lCompanies from out of state are now bringing machines into North Carolina. Under Jones' bill, only operators who lived in the state would be able to lease and service the machines. Brooks and Jones argue that local operators will be more responsible and more likely to adhere to state laws.

"I've seen a lot of out-of-state people trying to come into the state and explode it just as fast as they can," Brooks said. "We want the state to regulate it so this thing won't get out of hand."

For some players, things are already out of hand, said Gary Gray , director of the N.C. Council on Problem Gambling.

"There are some weeks, all the calls I get are over the Internet cafés," Gray said. The call log for his Greensboro-based gambling help line shows that three-quarters of his calls over the past eight months have been related to the sweepstakes games.

Numbers collected by the state's own gambling help line, which is funded by N.C. Education Lottery Proceeds, also reflect a jump in issues related to sweepstakes.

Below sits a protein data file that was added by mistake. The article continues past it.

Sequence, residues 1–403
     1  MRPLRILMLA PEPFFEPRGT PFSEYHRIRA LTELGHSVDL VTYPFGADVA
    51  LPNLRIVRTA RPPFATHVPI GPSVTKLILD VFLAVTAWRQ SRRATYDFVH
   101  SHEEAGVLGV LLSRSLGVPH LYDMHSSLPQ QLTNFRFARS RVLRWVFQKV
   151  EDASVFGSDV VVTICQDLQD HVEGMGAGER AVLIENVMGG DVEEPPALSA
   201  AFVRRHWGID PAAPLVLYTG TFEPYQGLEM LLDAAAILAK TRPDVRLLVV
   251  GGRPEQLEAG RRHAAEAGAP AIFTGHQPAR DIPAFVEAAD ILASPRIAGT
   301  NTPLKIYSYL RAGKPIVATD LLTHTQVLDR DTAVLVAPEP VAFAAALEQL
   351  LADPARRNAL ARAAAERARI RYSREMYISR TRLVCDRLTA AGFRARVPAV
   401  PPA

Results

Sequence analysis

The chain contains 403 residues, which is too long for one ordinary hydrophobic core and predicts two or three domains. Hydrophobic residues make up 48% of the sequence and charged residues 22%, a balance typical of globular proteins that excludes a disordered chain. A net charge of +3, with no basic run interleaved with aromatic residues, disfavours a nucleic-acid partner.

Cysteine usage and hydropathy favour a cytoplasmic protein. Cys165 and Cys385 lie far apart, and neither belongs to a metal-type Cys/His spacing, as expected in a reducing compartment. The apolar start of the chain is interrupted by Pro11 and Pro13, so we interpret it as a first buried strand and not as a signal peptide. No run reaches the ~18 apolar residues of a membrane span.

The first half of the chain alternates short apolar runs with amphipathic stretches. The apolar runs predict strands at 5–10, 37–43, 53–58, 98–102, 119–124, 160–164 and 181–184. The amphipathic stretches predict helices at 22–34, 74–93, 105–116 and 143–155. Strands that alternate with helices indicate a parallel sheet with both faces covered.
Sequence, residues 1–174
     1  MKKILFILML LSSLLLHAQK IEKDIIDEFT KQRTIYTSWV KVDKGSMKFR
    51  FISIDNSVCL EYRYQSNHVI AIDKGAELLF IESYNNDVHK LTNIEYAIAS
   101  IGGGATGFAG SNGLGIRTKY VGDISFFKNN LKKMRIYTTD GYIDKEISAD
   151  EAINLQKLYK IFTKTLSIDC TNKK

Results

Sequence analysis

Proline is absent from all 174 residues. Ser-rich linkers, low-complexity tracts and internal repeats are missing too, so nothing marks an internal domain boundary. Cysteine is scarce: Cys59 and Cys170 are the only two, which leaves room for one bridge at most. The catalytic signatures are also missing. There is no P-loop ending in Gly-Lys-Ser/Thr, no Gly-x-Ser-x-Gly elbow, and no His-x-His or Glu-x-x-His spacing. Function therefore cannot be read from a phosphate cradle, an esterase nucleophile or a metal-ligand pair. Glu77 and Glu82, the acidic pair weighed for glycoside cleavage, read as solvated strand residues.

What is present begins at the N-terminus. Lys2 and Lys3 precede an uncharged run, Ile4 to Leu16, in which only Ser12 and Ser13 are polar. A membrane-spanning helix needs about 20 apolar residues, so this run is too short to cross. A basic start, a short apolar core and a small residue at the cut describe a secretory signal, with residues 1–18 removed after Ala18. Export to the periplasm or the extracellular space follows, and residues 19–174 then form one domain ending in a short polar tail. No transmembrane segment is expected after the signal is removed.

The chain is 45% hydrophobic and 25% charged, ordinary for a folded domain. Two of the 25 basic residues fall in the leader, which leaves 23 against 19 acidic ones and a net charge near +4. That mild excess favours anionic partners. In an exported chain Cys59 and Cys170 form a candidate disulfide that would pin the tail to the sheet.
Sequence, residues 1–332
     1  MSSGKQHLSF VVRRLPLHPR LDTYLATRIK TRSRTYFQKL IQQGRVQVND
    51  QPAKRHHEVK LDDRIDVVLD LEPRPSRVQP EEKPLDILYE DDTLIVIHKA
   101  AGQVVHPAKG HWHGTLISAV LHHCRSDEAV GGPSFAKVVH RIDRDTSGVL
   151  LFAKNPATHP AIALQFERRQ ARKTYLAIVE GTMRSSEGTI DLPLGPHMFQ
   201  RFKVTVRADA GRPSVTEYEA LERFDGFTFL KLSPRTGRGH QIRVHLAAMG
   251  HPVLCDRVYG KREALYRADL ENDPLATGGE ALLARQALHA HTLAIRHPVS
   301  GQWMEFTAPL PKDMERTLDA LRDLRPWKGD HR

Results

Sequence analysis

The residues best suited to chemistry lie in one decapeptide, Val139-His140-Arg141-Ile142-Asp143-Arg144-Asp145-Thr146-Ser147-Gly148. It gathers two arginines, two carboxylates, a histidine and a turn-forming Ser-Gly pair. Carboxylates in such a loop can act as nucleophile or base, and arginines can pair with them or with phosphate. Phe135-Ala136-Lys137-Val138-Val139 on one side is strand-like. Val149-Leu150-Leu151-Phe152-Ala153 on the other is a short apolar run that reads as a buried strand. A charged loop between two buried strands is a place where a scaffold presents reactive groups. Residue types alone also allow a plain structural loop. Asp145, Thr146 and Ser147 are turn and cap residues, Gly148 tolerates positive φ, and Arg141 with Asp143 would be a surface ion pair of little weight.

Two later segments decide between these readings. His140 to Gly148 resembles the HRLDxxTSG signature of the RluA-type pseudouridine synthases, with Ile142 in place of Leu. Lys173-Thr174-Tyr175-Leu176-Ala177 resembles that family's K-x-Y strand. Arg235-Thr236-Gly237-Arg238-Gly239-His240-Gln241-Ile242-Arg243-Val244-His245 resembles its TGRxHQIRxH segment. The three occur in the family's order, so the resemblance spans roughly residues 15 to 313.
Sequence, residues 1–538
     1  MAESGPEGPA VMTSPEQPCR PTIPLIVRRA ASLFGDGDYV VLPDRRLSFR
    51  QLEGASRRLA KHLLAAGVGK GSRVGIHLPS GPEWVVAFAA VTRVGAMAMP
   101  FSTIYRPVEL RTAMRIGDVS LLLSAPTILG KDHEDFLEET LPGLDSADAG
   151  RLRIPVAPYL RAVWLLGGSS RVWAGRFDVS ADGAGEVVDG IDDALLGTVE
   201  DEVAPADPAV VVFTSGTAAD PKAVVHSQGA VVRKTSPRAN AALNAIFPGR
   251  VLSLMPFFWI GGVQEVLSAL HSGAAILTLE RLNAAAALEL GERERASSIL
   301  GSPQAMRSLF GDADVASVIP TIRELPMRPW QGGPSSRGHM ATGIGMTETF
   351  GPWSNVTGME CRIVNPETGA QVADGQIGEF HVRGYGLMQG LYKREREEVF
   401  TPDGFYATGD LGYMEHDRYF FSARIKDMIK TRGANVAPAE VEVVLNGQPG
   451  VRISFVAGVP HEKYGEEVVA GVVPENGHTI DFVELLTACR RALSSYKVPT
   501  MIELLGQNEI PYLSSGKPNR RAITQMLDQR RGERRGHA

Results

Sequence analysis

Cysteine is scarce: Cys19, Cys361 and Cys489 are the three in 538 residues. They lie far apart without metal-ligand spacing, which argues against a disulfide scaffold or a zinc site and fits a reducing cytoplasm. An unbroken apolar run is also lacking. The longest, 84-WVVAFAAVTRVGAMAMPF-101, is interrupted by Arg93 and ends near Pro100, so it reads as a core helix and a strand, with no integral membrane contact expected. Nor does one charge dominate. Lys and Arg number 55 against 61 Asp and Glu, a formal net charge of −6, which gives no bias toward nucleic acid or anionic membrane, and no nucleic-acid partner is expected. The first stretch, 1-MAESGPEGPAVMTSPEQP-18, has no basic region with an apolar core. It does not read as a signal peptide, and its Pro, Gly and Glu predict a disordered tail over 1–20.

In the 12 months leading up to June 30, 2008, requests for help related to "video poker" made up only 8.6 percent of the 257 calls to the line. In the next 12 months, video poker, which includes calls over the sweepstakes machines, made up 18.2 percent of the calls.

Problem gambling related to the lottery made up the largest portions of calls in both years, in no small part because the help line's number is printed on every lottery ticket.

Jones argues that it's unfortunate but logical that a greater proportion of problem gambling calls have concerned the sweepstakes machines as they have grown more prevalent throughout the state.